There’s been lots going on in Bunnyworld in recent months - vinyl reissues of Crocodiles, Heaven Up Here, Porcupine, Ocean Rain, Flowers, Siberia and more recently Songs To Learn And Sing. Plus Will Sergeant’s autobiography, Bunnyman is now out. The setlist reflects the recent reissues, with tracks from most of these albums, which makes for a splendid night.
Dry ice, purple hazed lights and various cinematic tunes, including the theme from Robinson Crusoe, herald their arrival as they nonchalantly wander on stage. Obligatory sunglasses are in place and Mac’s hair still looks magnificent if not the mahoosive haystack of his heyday. They kick off the set with the opening tracks from their first two albums – Going Up and Show Of Strength. It’s a strong start and it's followed by a genuine career-hopping set (though they miss their last three albums proper). My friend Paul thinks Mac looks like Liam Gallagher’s dad. He’s not wrong.
Great to have a rarely played track like Flowers from, er...well Flowers - it’s a very welcome addition. Highlights for me were Seven Seas, All My Colours (aka Zimbo) and Villiers Terrace (which includes a nod to The Doors’ Roadhouse Blues and Bowie’s The Jean Genie). Sadly the set has the one new song they have been playing dropped - Brussels Is Haunted. Bootleg videos suggest the song bodes well for new material, shame it was axed. Brussels was apparently the first place the Bunnymen ever played outside of the UK, so it's haunted not just with memories of youth, but their fallen band mate Pete De Freitas as well presumably – hopefully happy memories of both.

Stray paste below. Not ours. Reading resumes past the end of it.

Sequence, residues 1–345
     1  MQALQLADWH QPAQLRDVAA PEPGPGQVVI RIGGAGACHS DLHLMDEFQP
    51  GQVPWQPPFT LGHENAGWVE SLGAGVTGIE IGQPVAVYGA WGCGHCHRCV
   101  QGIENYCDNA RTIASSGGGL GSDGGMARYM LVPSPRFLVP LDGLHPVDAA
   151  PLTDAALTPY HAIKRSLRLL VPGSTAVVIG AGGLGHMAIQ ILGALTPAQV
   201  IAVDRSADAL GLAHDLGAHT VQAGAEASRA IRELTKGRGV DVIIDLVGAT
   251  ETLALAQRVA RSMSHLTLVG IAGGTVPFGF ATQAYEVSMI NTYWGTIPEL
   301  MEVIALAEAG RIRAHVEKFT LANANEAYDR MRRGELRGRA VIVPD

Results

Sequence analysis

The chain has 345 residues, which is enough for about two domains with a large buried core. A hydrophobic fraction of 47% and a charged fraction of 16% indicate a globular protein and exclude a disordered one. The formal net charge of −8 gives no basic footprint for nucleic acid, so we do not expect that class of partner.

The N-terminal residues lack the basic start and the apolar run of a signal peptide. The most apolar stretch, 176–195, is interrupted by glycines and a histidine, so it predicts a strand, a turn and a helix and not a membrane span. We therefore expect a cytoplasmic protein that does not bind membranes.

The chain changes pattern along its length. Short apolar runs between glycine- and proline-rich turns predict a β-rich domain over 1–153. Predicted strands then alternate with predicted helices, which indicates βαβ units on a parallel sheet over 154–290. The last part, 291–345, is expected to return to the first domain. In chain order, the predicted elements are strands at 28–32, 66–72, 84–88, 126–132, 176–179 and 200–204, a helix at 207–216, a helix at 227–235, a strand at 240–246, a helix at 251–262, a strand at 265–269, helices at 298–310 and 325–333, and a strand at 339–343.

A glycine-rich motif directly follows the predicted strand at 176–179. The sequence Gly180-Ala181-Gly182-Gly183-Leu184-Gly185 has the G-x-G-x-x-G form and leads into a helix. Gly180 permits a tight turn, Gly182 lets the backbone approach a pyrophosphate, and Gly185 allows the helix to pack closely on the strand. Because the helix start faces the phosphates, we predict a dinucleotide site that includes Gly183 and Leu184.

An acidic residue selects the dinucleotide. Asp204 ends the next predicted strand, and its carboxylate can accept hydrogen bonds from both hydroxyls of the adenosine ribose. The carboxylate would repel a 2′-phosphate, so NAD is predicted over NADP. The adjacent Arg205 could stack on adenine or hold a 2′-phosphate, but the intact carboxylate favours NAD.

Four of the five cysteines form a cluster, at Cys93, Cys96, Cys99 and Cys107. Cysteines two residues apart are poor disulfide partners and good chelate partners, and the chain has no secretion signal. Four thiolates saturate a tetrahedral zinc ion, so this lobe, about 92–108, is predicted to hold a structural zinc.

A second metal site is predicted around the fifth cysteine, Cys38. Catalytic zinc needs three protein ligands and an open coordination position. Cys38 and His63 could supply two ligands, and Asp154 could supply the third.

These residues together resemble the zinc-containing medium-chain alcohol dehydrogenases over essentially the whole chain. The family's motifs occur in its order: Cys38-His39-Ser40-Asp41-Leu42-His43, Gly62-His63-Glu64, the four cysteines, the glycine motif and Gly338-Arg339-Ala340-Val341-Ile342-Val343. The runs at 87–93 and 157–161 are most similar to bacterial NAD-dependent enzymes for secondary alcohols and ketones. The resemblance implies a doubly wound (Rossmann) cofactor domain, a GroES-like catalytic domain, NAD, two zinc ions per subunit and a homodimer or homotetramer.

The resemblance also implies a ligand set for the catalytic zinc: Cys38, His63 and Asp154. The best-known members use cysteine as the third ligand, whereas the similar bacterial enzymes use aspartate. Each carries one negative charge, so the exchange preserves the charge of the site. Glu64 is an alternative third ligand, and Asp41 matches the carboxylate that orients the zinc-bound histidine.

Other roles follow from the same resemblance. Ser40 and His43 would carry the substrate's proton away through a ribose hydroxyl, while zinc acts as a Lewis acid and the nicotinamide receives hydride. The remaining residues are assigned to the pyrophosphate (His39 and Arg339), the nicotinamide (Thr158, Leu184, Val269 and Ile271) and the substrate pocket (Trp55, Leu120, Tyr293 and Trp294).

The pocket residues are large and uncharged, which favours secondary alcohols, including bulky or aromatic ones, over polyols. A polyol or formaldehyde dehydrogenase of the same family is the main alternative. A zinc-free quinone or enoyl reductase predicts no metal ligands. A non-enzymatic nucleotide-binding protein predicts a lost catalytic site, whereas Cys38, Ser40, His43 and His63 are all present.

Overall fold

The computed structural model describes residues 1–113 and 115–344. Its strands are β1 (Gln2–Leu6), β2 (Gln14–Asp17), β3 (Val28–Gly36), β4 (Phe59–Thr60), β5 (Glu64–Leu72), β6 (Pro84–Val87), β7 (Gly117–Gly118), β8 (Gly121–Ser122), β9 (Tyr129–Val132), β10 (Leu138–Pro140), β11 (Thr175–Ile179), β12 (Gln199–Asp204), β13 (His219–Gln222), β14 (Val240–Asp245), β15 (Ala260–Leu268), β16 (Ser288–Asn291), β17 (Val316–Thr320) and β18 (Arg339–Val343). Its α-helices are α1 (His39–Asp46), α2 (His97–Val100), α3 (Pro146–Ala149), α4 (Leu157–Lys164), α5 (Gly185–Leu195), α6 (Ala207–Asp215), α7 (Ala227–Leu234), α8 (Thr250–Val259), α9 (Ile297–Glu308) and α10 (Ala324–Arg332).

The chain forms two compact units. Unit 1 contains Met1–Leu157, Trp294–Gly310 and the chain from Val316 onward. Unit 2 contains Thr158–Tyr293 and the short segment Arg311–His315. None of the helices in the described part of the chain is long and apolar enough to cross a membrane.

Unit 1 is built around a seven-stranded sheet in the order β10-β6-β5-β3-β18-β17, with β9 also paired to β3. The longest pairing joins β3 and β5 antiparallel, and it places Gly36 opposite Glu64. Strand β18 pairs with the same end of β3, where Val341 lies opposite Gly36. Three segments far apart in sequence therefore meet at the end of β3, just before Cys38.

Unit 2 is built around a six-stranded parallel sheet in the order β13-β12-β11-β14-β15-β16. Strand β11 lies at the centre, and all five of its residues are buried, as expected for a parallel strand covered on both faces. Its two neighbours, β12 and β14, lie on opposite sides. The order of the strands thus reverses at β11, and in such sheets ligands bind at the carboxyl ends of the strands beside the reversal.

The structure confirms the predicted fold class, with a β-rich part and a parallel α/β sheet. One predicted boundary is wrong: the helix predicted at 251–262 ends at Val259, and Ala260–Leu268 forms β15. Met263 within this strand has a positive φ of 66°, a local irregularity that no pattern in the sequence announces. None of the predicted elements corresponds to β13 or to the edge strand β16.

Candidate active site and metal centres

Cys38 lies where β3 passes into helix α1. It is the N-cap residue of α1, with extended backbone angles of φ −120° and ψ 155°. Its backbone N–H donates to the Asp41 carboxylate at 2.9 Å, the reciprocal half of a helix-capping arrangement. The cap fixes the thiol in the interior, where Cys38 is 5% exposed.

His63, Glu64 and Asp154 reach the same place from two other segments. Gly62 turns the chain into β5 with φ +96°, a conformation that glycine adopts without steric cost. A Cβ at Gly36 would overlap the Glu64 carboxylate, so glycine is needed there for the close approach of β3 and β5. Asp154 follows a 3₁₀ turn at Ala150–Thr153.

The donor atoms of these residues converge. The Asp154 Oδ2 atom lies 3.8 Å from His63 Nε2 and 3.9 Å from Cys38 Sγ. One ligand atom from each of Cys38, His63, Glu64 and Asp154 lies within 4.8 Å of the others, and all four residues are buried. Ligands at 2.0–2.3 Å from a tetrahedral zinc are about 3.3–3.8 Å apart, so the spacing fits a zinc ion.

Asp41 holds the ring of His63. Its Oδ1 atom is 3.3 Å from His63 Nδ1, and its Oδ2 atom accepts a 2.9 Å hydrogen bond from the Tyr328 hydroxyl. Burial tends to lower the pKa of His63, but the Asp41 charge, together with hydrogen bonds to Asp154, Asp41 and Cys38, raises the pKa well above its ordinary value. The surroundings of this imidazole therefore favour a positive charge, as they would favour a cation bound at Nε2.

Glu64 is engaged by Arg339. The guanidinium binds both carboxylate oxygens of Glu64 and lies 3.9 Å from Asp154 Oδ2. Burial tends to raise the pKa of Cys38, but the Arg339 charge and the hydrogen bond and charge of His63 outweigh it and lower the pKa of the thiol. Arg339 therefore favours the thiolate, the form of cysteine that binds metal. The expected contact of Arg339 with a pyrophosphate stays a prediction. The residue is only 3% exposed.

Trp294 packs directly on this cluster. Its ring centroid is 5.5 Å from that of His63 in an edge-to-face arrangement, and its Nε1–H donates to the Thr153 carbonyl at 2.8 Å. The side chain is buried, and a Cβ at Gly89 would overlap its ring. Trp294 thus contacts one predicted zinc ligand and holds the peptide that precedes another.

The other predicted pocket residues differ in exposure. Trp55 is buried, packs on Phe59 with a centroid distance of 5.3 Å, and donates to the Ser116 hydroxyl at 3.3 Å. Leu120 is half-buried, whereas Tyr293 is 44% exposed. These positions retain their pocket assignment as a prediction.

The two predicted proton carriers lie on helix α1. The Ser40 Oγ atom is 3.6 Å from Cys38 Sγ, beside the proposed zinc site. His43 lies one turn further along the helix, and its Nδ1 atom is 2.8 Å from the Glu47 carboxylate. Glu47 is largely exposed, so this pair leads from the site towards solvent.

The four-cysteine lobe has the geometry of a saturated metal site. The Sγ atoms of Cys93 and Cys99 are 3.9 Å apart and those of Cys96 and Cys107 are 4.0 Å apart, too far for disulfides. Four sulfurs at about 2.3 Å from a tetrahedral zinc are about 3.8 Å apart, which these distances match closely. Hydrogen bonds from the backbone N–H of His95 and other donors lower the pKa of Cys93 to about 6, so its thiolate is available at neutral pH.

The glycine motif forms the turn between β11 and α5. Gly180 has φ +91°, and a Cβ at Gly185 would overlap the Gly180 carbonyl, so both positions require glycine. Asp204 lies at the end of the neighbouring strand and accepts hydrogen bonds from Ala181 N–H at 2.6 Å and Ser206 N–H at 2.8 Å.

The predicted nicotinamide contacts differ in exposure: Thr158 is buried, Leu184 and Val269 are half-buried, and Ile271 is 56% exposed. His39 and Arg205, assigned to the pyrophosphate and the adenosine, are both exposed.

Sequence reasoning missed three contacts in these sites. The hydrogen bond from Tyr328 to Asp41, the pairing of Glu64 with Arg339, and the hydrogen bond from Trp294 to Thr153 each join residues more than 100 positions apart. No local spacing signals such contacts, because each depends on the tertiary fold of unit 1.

My only gripes? The sound during The Cutter as it reaches its humongous crescendo is terrible - slap the sound engineer as the venue is perfect for this sort of huge show. And the inconsequential Bedbugs And Ballyhoo is the song to drop, not the fabulous songs they denied us. Boo!
And as I said earlier, the 'in between song' banter is impenetrable. We know Mac is an obsessive Liverpool FC fan, so stories are told between songs, but we literally have no idea what he is saying - a rambling anecdote kicks off mid-song about Jan Molby - he theatrically uses a towel to illustrate his point (though we have no idea what that point might be) and he kicks the towel into the audience with his left foot (I definitely heard him say left foot so that MUST be important). All very strange.
But these are minor complaints, it’s a cool show, the band are tight and Mac’s voice can still soar. And Will Sergeant deserves more credit as one of the great 80s guitar heroes. The Edge definitely owes him a debt…
The obligatory encores arrive - first Lips Like Sugar, their big US hit of the late 80s, and one they clearly love. It's great, but not my favourite. But it's strong tonight (and mercifully, there's no repeat of the Leamington Spa beer-throwing incident).
The gig finishes with The Killing Moon (one of the greatest songs of the 80s or indeed ever – Mac’s arrogance is well placed here) - its resurgence back in 2001 as part of the soundtrack for Donnie Darko means it has a pan-generational classic reach and you look round the room and EVERYONE is singing. Suddenly people are on each other’s shoulders - it’s all gone very posh “new model army”. It's a brilliant moment and a fantastic ending to show by an amazingly resurgent Bunnymen.
As we shuffle towards the tube, we are surrounded by Monday night gig-goers, clinging their Bunnymen branded turntable mats, their t-shirts, their books...and smiling. Everyone is smiling.